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Jax Customer Reports Mandarin Publix For Alleged Price Gouging; Supermarket Responds

Generic file photo of a carton of eggs.
Wikimedia Commons
Generic file photo of a carton of eggs.

Florida’s Attorney General’s Office has opened the state’s price gouging hotline for people to report drastic price increases during the pandemic.

One WJCT listener, who wished to remain anonymous, said she reported price hikes on certain items at her local Publix, at 10500 San Jose Boulevard in Mandarin.

The shopper said she noticed a drastic price change in the price of Publix-brand eggs from March 20 to April 1. 

Related: Local, State, And National Coronavirus Coverage

“That same package that was in the high $3 to $4 range had jumped to $6.50, just in a 10- or 11-day period,” she told WJCT News. 

She said she receives government assistance, and rapidly changing prices affect her ability to budget for her other bills. 


“With eggs being such a vital, basic food necessity, I'm on a very limited income and eggs are a significant source of protein for me,” she said. 
Because there was no toilet paper left, the shopper said she instead grabbed a pack of two paper towel rolls, which cost about $6. 

Related: Local, State And National Coronavirus Coverage

A manager told the shopper that prices are set at the Publix corporate level and not by individual stores. 

“We take the accusation of price gouging very seriously,” said Maria Brous, the director of communications for Publix, in an email to WJCT News. “When customers contact us inquiring on price increases, we ask them to provide the bar code number of the product, the posted price, and the location where they are shopping in, so we can quickly and accurately check our systems.” 

Ultimately, the listener decided to call Florida’s price gouging hotline, which tracks and investigates allegations of drastic and unnecessary rising prices. 

State Attorney General Ashley Moody’s office says it’s prioritizing reports of price gouging on these items during the COVID-19 crisis: 

  • Protective masks 
  • Sanitizing and disinfecting supplies, such as hand sanitizer, gel, wipes, cleaning supplies for surface cleaning, including paper towels, and commercial cleaning supplies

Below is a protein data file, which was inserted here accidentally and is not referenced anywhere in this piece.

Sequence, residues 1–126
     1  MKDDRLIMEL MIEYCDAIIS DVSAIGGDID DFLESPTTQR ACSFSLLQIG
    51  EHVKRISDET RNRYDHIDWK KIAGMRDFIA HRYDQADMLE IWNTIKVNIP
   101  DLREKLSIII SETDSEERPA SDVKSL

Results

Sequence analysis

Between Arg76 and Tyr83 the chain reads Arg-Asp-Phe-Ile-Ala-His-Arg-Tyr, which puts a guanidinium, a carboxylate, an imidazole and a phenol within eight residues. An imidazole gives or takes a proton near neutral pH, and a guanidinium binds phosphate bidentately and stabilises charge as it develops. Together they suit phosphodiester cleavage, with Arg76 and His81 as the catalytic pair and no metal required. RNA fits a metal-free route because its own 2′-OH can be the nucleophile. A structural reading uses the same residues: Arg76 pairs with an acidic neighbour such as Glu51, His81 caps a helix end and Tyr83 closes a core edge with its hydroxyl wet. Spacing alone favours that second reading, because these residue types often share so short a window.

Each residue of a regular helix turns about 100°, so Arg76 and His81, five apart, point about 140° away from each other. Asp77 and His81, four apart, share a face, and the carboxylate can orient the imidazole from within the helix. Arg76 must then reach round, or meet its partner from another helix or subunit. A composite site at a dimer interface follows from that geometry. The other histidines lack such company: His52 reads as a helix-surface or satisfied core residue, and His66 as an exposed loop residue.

• Personal protective equipment (PPE), including gowns, booties, gloves and other protective gear
  • COVID-19 test kits, swabs and related consumable medical supplies used in administering tests 

Kylie Mason with the Office of the Attorney General said investigators look at every case individually. 
“There is no exact quantification on the threshold,” Mason said in an email to WJCT News. “Our Consumer Protection Division reviews each allegation of price gouging on a case-by-case basis, taking into account not only the price charged, but other possible factors under the law such as any additional costs proven by the merchant.”

Violators of price gouging in Florida can receive fines from $1,000 to $25,000, depending on how many violations are found. 

The listener said she was told her call would be investigated.

“People, especially on Social Security, or maybe a welfare status, those are the people that are least able to afford any change,” she said. “And if you're already rationing items and you bump up the price of, for instance, the eggs to $6.50, that might be out of the reach of someone who is desperate for it.”

The Attorney General’s Office also looks into scams surrounding crises, such as soliciting fake tests. 

Anyone who wants to report suspected price gouging or scams can contact the Florida attorney general’s hotline at 1-866-966-7226 or file an online complaint here.

Sky Lebron can be reached at, 904-358-6319 or on Twitter at@SkylerLebron.

Photo used under Creative Commons license.

Former WJCT News reporter